Grand Canyon Itinerary: How to See Grand Canyon in One Day

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Grand Canyon Itinerary: How to See Grand Canyon in One Day

In this guide, you’ll find a Grand Canyon one day itinerary and the tried and tested tips for visiting Grand Canyon for a day.

We explored Grand Canyon National Park on the American Southwest road trip. It, however, also is one of the best day trips from Las Vegas. So, if you don’t plan on exploring the entire Southwest USA, you can take a Grand Canyon day trip from Las Vegas.

Grand Canyon at a Glance

One of the most beautiful 7 natural wonders of the world, Grand Canyon National Park is not only one of the best national parks in the USA but also one of the best national parks in the world. Do we need to say more?

Grand Canyon Itinerary: How to See Grand Canyon in One Day

Located in Arizona, USA, Grand Canyon is a masterpiece of nature. A tectonic uplift lifted the red rocks forming a plateau through which the Colorado River could find its way. It took millions of years to carve a canyon you see today.

Grand Canyon isn’t only about nature and its magic but carries a rich history too. Overall, a visit to Grand Canyon is a once-in-a-lifetime experience.

Grand Canyon Rims

The Grand Canyon can be experienced at 4 rims: the South Rim, the North Rim, the Grand Canyon West, and the Grand Canyon East. Each one of the rims has its own charm. As a matter of fact, all of them are strikingly different than each other.

A 277-mile long (446 km) and 1 mile-deep (1.6 km) canyon bisects the park into South and North Rims. It takes about 5 hours to travel between both the rims. Thus, you’ll have to choose any one rim if you are visiting the park for a day. With two days in hand, you can cover both the rims.

Further west of both the rims is the west rim, Grand Canyon West, owned by Hualapai Indians and not the NPS. If you are coming from Las Vegas, the west rim (128 miles) is the closest.

Along the Colorado River to the north and east of the South Rim is the Grand Canyon East. The area includes Little Colorado River Tribal Park, Horseshoe Bend, Cameron Trading Post, Marble Canyon & Lee’s Ferry, Tower Butte, Navajo Bridge, Horseshoe Bend, Antelope Canyon, Lake Powell, and Rainbow Bridge.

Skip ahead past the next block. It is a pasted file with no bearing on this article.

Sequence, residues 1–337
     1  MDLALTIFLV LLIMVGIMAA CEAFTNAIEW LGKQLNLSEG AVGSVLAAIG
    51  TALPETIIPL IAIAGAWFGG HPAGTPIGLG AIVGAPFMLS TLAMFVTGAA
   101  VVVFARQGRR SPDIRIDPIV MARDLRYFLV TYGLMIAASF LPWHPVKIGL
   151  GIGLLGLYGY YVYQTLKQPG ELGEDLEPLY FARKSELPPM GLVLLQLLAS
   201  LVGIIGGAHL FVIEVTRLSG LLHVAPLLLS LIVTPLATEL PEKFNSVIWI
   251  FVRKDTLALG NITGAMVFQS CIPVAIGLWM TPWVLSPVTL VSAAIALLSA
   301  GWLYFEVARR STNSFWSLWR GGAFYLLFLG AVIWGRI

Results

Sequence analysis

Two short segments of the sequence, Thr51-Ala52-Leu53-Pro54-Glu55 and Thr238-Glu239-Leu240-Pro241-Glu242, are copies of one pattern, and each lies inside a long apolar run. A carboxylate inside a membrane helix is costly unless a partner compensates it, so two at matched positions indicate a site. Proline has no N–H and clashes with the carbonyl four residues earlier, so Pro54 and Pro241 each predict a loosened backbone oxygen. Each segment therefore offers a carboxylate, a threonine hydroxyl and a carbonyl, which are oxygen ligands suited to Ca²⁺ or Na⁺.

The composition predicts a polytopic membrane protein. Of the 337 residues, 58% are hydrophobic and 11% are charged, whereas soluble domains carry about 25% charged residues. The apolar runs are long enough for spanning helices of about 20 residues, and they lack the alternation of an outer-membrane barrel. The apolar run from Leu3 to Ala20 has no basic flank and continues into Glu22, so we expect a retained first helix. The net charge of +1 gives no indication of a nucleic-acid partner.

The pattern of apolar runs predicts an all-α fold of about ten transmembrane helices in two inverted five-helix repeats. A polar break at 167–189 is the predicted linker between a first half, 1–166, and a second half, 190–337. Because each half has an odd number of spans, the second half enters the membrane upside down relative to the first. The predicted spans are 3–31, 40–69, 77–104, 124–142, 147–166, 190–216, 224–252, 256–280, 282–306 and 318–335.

Located between Grand Canyon West and Grand Canyon South Rim, Havasu Canyon is home to Havasupai Indians and is known for its gushing waterfalls, Havasu Falls being the most popular. Other falls are New Navajo Falls, Rock Falls, Mooney Falls, and Beaver Falls. You can access the canyon by hiking, on a horseback, or on a helicopter tour. It, of course, needs an extra day.

Grand Canyon Itinerary: How to See Grand Canyon in One Day

Which Grand Canyon Rim should you visit?

You’d surely want to visit the best rim. But, as I mentioned, each rim has its own quirks and charms.

If you are a first-time visitor and just have one day at Grand Canyon, we recommend you visit the quintessential South Rim. When travelers talk about the Grand Canyon they usually (by default) talk about the South Rim. In fact, with gorgeous far-reaching views, it’s considered to be the “true Grand Canyon.”

How to get to the Grand Canyon South Rim?

It’s recommended you rent a car to enjoy a stunning Grand Canyon road trip. However, you can also join one of the many guided Grand Canyon day tours.

You can easily get to the Grand Canyon from Phoenix and Las Vegas.

The South Rim is 3.5 hours drive from Phoenix via I-17N. From Flagstaff, take US-80N to the rim’s South Entrance (South Rim Visitor Center) or take US-89 or AZ-64N to the East Entrance of the South Rim.

The South Rim is 4.5 hours drive from Las Vegas via US-95S or US-93, I-40E, and AZ-64N or US-180N. You can stop by and marvel at Hoover Dam on the way.

Alternatively, you can board an Amtrak train from Flagstaff to Williams and then, the historic Grand Canyon Railway from Williams to the South Rim.

Grand Canyon Itinerary: How to See Grand Canyon in One Day

Parking at Grand Canyon South Rim